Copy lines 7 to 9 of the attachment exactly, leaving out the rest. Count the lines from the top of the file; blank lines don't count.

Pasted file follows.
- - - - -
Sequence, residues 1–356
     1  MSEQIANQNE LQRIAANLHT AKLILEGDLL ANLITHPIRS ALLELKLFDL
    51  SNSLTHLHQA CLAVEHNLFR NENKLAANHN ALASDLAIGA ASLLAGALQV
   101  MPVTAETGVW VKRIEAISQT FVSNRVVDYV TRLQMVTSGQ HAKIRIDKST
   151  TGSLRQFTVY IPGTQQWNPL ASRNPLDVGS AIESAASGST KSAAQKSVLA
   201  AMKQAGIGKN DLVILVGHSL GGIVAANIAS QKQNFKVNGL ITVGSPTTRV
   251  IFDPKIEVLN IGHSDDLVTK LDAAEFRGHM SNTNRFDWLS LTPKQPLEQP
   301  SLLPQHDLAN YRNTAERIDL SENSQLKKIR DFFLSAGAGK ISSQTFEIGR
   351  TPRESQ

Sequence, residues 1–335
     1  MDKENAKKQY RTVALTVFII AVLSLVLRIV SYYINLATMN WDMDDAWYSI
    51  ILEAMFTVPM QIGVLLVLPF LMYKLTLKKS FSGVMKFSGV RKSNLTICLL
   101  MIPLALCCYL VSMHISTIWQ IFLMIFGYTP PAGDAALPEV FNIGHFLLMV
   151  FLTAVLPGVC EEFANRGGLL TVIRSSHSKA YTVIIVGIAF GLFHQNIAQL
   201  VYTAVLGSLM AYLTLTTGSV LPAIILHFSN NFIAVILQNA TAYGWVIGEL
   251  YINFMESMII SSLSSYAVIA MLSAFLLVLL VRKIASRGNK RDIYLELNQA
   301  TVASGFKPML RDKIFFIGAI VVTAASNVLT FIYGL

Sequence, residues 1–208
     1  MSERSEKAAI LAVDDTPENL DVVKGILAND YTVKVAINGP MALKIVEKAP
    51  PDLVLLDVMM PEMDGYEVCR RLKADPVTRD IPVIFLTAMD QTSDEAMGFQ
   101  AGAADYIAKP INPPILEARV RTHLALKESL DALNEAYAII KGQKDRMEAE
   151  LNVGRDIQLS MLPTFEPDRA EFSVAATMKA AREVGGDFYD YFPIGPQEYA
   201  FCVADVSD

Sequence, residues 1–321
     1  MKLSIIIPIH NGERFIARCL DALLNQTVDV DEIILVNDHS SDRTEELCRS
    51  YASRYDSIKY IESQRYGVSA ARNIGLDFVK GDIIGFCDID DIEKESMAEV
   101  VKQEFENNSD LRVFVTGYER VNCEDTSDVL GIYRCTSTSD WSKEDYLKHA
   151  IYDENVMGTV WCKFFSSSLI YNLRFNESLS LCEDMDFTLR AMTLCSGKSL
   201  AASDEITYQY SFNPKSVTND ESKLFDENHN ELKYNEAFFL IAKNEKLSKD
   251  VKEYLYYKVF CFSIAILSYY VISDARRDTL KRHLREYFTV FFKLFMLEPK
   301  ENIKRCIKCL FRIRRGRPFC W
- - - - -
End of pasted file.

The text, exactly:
   251  IFDPKIEVLN IGHSDDLVTK LDAAEFRGHM SNTNRFDWLS LTPKQPLEQP
   301  SLLPQHDLAN YRNTAERIDL SENSQLKKIR DFFLSAGAGK ISSQTFEIGR
   351  TPRESQ